The 1970s archive special would have been most welcome and I’m sure I have seen documentary material on Mad Magazine’s celebrated print edition, but these images don’t cut it: they’re probably very funny, but the small print doesn’t allow for any actual reading and it just comes off as a crude ad (cheap!). All there is are a handful of trailers for other WB titles – a teaser for Green Lantern: The Animated Series, Young Justice and ThunderCats – although again I suppose one can’t complain too much for the amount of content on the disc and the low list price.

Case Study:

Surprisingly for a “budget” disc, the first half-season of Mad got a bright o-sleeve slipcover that made the package feel a bit more special. Unfortunately, there’s no such luck here, meaning that as well as feeling a bit more “cheap” (not without merit, I grant you) the two volumes won’t look too smart lined up on a shelf either. The design is as before, creating a scrapbook collage of the characters and content to be found inside the box, and though there’s a mention of “bonus shorts”, its hidden in the details and doesn’t suggest anything special.

Ink And Paint:

With two and a half hours of content on the disc, Warners can’t be accused of stacking too much on this platter, in keeping with their usual high standards of compression. As such, the various animation styles never display any form of visual hindrance, but as with the first-half season the show once again does: presented in a “standard aspect ratio of its television exhibition” I refuse to believe that Mad is shown in 4:3 letterbox on its Cartoon Network airings.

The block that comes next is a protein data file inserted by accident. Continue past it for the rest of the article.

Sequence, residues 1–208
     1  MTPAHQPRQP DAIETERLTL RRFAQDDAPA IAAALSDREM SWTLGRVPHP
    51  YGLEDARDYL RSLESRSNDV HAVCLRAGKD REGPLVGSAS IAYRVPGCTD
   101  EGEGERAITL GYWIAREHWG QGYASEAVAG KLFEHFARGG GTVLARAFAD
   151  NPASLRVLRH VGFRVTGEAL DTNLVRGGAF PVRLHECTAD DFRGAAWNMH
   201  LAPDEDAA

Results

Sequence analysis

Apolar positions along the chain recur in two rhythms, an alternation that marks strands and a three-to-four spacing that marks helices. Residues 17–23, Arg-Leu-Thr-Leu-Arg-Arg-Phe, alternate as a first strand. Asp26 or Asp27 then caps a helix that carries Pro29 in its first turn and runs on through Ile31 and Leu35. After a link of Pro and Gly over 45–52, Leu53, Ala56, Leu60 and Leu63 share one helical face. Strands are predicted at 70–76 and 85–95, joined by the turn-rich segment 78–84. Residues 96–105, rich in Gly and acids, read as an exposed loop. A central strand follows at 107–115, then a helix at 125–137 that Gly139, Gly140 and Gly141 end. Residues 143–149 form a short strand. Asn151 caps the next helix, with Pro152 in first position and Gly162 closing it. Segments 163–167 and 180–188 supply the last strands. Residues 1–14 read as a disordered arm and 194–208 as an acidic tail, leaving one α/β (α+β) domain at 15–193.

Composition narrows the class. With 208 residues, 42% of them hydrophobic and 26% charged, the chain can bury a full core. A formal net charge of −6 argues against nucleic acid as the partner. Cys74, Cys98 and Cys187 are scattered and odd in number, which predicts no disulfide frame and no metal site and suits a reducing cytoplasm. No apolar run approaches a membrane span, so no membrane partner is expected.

But that’s what we get here even though it’s clear the program is created in native 16:9 – and probably in HD – which is again a pretty sorry state of affairs. Luckily, but only just, the bright transfer and lack of compression means it can be blown up to fit a widescreen display and sustains a reasonable amount of quality…but, really, letterboxed transfers should be a thing of the past by now.

Scratch Tracks:

Offered in Dolby Surround, each item’s mix is as good as each skit needs it to be, from sometimes minimal low-level murmurs to loud and bombastic music, usually synthesized but sounding pretty genuine. The recording and mixing again reflects the kind of audio we’d usually associate with the kind of content being lampooned, with spot-on impressions and timing, so everything sounds authentic as needed, which is where some of the humor is at its best. English hard of hearing and French subtitles are optional.

Final Cut:

Again much better than originally expected when I reviewed the first-half season of Mad, this second batch of episodes keeps the momentum going. The lack of an Adult Swim styled contemporary re-tooling of Mad Magazine to bring it “up to date” is refreshing, the various animation designs very much keeping things feeling contemporary instead, while the writing and performing is as fast and furious as it needs to be for the modern world. Warners’ half-season release policy and the letterboxed lack of 16:9 frustrate once more, but I did again break out in giggles quite a few times and fans of the original Magazine should find that Mad’s second half season is just as funny as the first.

Animated Classic or Back To The Drawing Board?